USD transaction had been dominating Food Empire's business for many years, why the change now? Using SGD will paint a even more deteriorating picture, not something pleasant. Already in the published, unaudited FY 2007 results, it was mentioned (quoted):

... Currency fluctuations affected the Group’s results as the vast majority of its transactions are in US dollars while its reporting currency is in Singapore dollars. If the Group’s performance were reported in US dollars, revenue would have increased by 25.5% (unaudited) and profit after tax and minority interests would have risen by 24.8% (unaudited) ...


It seemed to me that the reporting currency would be chosen based one whichever painted a nicer picture. (USD used to be relatively strong right up to 2006, so no incentive to change the reporting currency). I would be please if the good results are due to operational performance, but not due to 'better packaging'.


Comparing with Super Coffeemix, Tsit Wing and Viz Brandz

Super Coffeemix's cash from operations began to dip below net profit since 2006 while that for Tsit Wing was always way above net profit. Food Empire and Super Coffeemix shared one thing in common, both displayed specular growth story (in terms of sales and profit) in the double digits while Tsit Wing languished in the single digits.

However, it might be unfair to compare this way because Food Empire and Super Coffeemix sold to consumers while Tsit Wing sold to retailers, bistros etc. i.e. They operate with different models.

To further quash my doubts, I looked at Viz Brandz. It also sold to consumer (like Super Coffeemix and Food Empire) but had cash flow from operations exceeding net profit. However, it also show signs of preceding the two:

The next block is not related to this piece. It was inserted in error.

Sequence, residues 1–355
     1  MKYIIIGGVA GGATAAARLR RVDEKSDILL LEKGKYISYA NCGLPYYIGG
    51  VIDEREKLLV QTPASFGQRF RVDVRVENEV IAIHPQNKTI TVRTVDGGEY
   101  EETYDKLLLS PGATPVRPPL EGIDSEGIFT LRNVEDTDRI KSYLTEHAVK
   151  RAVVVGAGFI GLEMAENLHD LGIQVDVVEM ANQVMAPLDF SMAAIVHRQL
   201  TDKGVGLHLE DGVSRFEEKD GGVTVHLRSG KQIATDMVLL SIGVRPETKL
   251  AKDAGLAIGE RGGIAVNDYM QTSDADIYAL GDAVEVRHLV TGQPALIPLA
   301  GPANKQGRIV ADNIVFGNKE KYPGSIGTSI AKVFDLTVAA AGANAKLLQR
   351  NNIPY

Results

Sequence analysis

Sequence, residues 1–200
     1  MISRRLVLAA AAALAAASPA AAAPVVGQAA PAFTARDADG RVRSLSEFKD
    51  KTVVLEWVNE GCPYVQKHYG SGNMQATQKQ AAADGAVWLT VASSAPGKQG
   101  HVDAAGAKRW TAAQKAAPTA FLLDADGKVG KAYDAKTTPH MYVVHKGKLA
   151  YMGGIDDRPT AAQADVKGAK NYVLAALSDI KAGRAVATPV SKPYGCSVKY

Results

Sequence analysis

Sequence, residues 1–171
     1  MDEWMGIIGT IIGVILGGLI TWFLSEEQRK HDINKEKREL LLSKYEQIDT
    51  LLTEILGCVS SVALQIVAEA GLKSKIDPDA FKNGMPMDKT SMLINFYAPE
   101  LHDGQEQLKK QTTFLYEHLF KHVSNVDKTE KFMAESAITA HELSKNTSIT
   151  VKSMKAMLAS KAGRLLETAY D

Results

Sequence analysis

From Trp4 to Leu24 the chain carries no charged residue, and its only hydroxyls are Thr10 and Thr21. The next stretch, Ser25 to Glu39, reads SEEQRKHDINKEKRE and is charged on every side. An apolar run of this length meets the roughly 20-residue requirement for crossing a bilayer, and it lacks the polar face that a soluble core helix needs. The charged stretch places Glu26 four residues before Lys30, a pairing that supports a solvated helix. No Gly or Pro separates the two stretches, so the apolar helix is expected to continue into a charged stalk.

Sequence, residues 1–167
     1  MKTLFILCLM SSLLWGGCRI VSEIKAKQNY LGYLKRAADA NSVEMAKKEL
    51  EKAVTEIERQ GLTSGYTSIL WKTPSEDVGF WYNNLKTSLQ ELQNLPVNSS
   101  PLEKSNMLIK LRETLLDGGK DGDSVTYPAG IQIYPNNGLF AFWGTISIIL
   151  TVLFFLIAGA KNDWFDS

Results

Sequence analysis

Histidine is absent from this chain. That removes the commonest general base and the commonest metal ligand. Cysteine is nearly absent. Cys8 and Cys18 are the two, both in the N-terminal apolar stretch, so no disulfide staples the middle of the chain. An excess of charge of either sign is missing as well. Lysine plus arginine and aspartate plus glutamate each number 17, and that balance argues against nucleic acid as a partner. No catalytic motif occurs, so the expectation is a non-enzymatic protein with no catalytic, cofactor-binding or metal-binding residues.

1. FY 2007 sales improved 18% to 137.9m from 117.2m for FY 2006
  2. FY 2007 profit improved nearly 6 times to 9.213m from 1.627m for FY 2006.
  3. Cash flow from operations only improved marginally to 11.5m from 12.9m
  4. Account receivables jumped 33.7%
Seems like the genetics for growth are the same of coffee businesses?

In Conclusion

I would say the numbers Food Empire (possibly Super Coffeemix too) churned out are a cause of concern, but not a red flag yet. Anyway, I would monitor future announcements and results closely, and wait for my chance to quiz the management again in the next AGM or EGM, which ever earlier, and decide my next course of action from there, no hurry... yet.

Labels: ,

6 Comments:

Anonymous jeflin said...

You are right to raise a small alarm here but Food Empire has a strong market share in newly affluent Russia.

So long as they build on their success in this market, prospects are still good.

By the way, do you want to do a link exchange with my blog?

5 July 2008 at 13:13  
Blogger Market Uncle said...

Thanks for dropping by. I do understand their great business prospects, just beginning to have some reservation on the qualities on their earnings.

No problem in exchanging links!

6 July 2008 at 00:02  
Anonymous jeflin said...

I have added your blog to my links page already.

Cheers!

7 July 2008 at 23:41  
Anonymous San said...

Can Uncle help us to post your FE & SuperCoff excerpts on e wookup huat forum?

u r so awesome in e accounting flaws ...

appreciated.

19 July 2008 at 13:06  
Blogger Market Uncle said...

Hi San San,
I've extracted a few important point on FE and posted them in wookup. My comments on Supercof and FE can be linked from there.

19 July 2008 at 17:40  
Anonymous Penny Stocks said...

I believe that their are some good value stocks in the food area.

12 December 2011 at 14:30  

Post a Comment

Subscribe to Post Comments [Atom]

<< Home